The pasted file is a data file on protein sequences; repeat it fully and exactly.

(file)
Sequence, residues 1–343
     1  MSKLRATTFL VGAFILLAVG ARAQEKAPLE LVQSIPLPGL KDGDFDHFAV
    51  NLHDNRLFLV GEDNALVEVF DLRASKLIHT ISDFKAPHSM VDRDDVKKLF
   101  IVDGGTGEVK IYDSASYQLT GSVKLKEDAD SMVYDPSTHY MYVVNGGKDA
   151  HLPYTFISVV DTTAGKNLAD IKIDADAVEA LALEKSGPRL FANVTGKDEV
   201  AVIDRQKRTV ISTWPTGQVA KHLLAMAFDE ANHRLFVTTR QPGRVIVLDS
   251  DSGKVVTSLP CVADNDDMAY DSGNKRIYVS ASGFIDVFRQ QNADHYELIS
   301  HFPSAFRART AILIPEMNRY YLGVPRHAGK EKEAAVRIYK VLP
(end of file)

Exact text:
Sequence, residues 1–343
     1  MSKLRATTFL VGAFILLAVG ARAQEKAPLE LVQSIPLPGL KDGDFDHFAV
    51  NLHDNRLFLV GEDNALVEVF DLRASKLIHT ISDFKAPHSM VDRDDVKKLF
   101  IVDGGTGEVK IYDSASYQLT GSVKLKEDAD SMVYDPSTHY MYVVNGGKDA
   151  HLPYTFISVV DTTAGKNLAD IKIDADAVEA LALEKSGPRL FANVTGKDEV
   201  AVIDRQKRTV ISTWPTGQVA KHLLAMAFDE ANHRLFVTTR QPGRVIVLDS
   251  DSGKVVTSLP CVADNDDMAY DSGNKRIYVS ASGFIDVFRQ QNADHYELIS
   301  HFPSAFRART AILIPEMNRY YLGVPRHAGK EKEAAVRIYK VLP